William Easterly, Ross Levine; What have we learned from a decade of empirical research on growth? It's Not Factor Accumulation: Stylized Facts and Growth Models. World Bank Econ Rev 2001; 15 (2): 177-219. doi: 10.1093/wber/15.2.177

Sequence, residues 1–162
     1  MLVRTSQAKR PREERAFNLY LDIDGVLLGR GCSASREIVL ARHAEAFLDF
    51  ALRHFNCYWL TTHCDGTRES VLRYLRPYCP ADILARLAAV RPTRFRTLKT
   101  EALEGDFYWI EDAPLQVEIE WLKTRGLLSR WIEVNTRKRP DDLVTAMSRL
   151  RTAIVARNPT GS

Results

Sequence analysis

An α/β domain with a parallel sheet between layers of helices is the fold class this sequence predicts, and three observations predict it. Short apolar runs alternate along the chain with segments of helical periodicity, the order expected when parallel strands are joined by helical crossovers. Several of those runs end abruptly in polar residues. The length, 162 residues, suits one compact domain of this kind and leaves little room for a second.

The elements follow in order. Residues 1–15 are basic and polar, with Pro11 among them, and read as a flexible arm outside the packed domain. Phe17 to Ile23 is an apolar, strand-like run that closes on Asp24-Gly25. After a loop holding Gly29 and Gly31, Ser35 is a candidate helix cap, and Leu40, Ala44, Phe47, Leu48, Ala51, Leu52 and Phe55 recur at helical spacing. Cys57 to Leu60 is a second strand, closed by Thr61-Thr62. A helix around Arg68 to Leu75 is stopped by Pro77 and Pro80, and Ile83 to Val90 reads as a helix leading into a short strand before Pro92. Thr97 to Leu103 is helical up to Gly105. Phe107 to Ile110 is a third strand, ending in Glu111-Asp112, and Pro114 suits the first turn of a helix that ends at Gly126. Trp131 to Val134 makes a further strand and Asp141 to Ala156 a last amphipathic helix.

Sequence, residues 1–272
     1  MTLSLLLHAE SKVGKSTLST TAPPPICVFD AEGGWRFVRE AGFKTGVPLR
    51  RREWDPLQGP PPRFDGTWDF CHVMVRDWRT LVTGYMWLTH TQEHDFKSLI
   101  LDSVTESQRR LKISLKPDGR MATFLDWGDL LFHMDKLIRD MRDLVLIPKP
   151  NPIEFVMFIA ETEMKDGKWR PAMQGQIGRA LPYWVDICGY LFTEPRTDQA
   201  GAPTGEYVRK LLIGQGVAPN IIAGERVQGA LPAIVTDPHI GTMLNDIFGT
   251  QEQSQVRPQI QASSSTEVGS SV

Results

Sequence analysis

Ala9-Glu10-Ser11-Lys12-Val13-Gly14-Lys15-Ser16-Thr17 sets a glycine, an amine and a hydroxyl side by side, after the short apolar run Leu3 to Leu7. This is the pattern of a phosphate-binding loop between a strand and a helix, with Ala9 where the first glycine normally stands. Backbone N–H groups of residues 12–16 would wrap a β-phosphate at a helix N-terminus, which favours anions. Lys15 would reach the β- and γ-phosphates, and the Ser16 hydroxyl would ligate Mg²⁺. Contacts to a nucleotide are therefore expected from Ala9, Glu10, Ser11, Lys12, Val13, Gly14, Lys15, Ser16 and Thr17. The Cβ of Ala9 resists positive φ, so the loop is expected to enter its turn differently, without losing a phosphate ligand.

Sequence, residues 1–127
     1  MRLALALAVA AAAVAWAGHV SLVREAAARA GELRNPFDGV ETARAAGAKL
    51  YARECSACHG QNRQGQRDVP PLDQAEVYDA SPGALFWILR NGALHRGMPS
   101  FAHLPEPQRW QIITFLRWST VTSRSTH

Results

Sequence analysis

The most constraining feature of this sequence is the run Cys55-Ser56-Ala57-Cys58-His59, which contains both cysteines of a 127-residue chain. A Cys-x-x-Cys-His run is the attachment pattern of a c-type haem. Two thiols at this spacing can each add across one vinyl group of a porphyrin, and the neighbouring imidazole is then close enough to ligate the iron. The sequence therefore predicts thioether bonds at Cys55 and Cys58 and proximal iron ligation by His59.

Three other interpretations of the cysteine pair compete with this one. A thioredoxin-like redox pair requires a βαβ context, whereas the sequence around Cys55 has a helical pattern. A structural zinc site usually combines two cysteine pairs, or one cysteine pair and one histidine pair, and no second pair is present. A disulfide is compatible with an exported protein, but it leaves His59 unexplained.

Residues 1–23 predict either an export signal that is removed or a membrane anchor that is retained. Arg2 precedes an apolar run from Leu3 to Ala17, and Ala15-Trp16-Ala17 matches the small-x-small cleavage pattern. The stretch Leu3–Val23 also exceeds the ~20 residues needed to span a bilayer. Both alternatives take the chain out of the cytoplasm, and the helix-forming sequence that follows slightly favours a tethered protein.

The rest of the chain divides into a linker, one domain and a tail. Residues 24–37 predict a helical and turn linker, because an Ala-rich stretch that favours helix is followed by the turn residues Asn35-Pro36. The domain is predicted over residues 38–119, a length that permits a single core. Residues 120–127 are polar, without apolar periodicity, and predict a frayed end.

The article documents five stylized facts of economic growth. (1) The “residual” (total factor productivity, tfp) rather than factor accumulation accounts for most of the income and growth differences across countries. (2) Income diverges over the long run. (3) Factor accumulation is persistent while growth is not, and the growth path of countries exhibits remarkable variation. (4) Economic activity is highly concentrated, with all factors of production flowing to the richest areas. (5) National policies are closely associated with long‐run economic growth rates. These facts do not support models with diminishing returns, constant returns to scale, some fixed factor of production, or an emphasis on factor accumulation. However, empirical work does not yet decisively distinguish among the different theoretical conceptions of tfp growth. Economists should devote more effort toward modeling and quantifying tfp.